Doctors are more cautious under the eye of a camera

A new study found that more doctors and nurses washed their hands when video cameras were installed in every room in their unit and the staff was continuously informed about rates of hand-washing compliance.

While the hand-washing turnaround was "pretty amazing," one of the study’s authors said, it’s unclear whether the measure helped achieve the ultimate goal — preventing infection transmission in the hospital — and whether it would be cost-effective in other
settings.

"Hand washing is an integral part of infection control," said Dr. Bruce Farber, from North Shore University Hospital in Manhasset, New York. But, "rates of hand washing among health care workers are less than perfect."

Cameras and timely feedback seem to be a strategy that can address that, he told Reuters Health. "It’s certainly one tool that can be used. I certainly don’t think it’s ever going to be used by everyone, everywhere."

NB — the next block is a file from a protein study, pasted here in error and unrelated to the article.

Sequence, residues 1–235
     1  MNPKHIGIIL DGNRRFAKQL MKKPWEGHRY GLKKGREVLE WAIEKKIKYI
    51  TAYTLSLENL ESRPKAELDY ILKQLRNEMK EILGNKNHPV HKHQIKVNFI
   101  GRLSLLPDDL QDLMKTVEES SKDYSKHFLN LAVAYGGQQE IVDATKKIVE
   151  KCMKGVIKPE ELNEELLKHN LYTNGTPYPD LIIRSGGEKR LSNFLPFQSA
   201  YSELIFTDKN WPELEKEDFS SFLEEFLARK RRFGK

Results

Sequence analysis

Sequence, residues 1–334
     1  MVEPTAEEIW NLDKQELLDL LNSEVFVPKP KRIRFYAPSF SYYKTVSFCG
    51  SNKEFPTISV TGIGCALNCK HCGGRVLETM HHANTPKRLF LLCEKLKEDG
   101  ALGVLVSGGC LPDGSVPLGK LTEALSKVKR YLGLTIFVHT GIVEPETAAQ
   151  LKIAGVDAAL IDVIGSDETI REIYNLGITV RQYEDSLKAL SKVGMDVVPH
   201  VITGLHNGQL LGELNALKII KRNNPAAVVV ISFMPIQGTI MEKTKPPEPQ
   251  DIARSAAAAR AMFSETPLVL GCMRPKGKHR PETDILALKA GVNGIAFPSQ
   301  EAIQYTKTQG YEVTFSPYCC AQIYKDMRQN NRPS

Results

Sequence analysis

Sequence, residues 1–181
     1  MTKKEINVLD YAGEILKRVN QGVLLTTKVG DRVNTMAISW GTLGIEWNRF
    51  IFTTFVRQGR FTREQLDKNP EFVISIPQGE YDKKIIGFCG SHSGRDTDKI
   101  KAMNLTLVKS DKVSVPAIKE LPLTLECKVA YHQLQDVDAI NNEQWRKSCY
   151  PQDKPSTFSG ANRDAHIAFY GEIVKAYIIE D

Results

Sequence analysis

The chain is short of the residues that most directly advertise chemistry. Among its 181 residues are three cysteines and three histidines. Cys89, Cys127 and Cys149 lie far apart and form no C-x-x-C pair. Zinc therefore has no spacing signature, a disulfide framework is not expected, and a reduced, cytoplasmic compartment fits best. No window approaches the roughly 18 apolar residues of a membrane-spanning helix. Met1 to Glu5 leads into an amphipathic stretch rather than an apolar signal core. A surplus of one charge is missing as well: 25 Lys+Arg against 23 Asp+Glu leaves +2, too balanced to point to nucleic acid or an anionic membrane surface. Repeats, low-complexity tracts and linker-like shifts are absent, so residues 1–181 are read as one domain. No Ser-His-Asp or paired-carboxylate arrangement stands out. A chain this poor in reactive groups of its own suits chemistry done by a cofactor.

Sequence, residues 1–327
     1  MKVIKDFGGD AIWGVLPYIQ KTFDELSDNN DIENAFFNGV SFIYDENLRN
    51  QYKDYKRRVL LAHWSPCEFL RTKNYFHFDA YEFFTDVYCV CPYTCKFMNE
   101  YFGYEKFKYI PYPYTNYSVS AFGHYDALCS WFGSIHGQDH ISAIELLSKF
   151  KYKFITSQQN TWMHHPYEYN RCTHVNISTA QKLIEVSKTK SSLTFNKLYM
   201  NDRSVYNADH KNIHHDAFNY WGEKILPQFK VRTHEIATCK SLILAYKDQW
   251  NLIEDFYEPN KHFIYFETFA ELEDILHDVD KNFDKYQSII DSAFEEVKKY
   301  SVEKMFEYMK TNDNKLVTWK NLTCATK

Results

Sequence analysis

Farber and his colleagues conducted the new study in their intensive care unit between 2008 and 2010. They installed $50,000 worth of cameras in hallways and patient rooms — pointing at every sink and hand sanitizer dispenser — as well as motion sensors in
all doorways.

Off-site reviewers monitored those videos and checked whether any doctor or nurse who came through a patient’s door washed their hands within ten seconds, and if they did the same on the way out. Doing that earned workers a "pass," while waiting too long to
wash up or not doing it at all counted as a "fail."

Then, the system sent compliance rates by room to electronic boards in the ward’s hallways and to supervisors, so all staff could see how well they were doing as a unit.

Before health workers started getting that constant feedback, less than seven percent of them washed their hands immediately when entering or before leaving a patient’s room, according to video records.

That shot up to 82 percent in the weeks after the hallway messages started, and reached an average high of 88 percent over the next year and half of monitoring.

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